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Mexico: CFC’s full decision on Nestle/Pfizer block

 |  November 21, 2012

The CFC made available to CPI a press release explaining its recent decision to block Nestle’s attempted acquisition of Pfizer infant formula company. See the full text below.


CFC 17-2012

  • The transaction would give Nestlé 71% and 88% of the domestic market for infant formula for babies between zero and 36 months old.
  • If the transaction had taken place, Nestlé could have raised prices of its different brands up to 11.5%, also giving competitors room to raise their prices to a lesser extent.
  • Nestlé and Pfizer proposed remedies that resulted insufficient to prevent the harmful effects for competition derived from the notified acquisition.
  • These two companies have 30 working days to appeal before the CFC and, if they choose so, to present a new remedies proposal.

Mexico City, November 20, 2012. – The Plenum of the Mexican Federal Competition Commission (CFC) decided not to authorize the acquisition of Pfizer Inc. nutrition business by Nestlé SA, considering that the notified transaction poses real and substantial risks to competition.

The acquisition, subject to approval by the CFC, is part of an international transaction through which Nestlé SA plans to acquire the global business division of Pfizer Nutrition Inc. In Mexico, Nestlé and Pfizer concur in the markets of infant milk formulas for babies from zero to 36 months.

The infant milk formulas are divided, according to their use, in stage-one and –two formula, stage-three formulas and special formulations. Given the very small amount of imports from outside, foreign competition is not an issue, all these markets are national.

For formulas of stage-one and -two, the notified operation would give Nestlé 70.6% of the domestic market (63.7% in value); for stage-three, it would result in a participation of 88.2% (79.8% in value); and in special formulas, it would accumulate 37.0% of the market (36.2% in value).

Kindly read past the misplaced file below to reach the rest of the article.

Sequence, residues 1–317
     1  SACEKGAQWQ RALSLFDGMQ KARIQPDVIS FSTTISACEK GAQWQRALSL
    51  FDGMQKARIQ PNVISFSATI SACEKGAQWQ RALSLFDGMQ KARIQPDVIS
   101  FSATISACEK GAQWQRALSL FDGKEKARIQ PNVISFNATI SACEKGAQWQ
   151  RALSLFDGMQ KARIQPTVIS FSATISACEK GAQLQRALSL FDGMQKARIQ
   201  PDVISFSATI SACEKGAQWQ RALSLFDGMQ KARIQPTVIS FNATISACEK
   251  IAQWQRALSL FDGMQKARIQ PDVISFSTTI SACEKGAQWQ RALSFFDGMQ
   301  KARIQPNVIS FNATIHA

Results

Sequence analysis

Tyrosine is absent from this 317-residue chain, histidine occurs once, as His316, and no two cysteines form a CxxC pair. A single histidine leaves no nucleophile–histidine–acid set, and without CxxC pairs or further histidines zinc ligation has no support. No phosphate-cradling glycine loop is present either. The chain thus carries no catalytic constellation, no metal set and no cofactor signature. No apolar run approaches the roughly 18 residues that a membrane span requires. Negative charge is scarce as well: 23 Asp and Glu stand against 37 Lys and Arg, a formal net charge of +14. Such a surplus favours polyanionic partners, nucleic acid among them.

All markets present high entry barriers, including economies of scale, a complex system of promotion through contact with pediatricians and brand loyalty created immediately after birth.

In these circumstances, the CFC assessment showed that, if carried out, the notified transaction would open the door for Nestlé to raise prices between 2.9 and 11.5% of its infant formulas, depending on the brand, as well as a similar response, though to lesser extent, by other competitors. The companies involved in the transaction presented a series of remedy proposals that are insufficient to prevent damage to competition that will result from the merger.

For these reasons, in accordance with Articles 16, 17 and 18 Section I of the Federal Law of Economic Competition (FLEC), the CFC’s Plenum decided not to authorize the merger transaction.

The Plenum’s decision was voted by a majority of 4-1 votes with Commissioners Cristina Massa Sanchez, Miguel Flores Bernés, Rodrigo Morales and Eduardo Perez Motta Elcoro. Commissioner Luis Alberto Ibarra Pardo voted against considering that the transaction may have been subjected to remedies set by the Commission.

The two companies involved have 30 working days to file a motion for reconsideration (appeal) before the Commission. Under Article 17 of the FLEC bylaws, in this appeal the parties may request the Commission to consider a new remedy proposal


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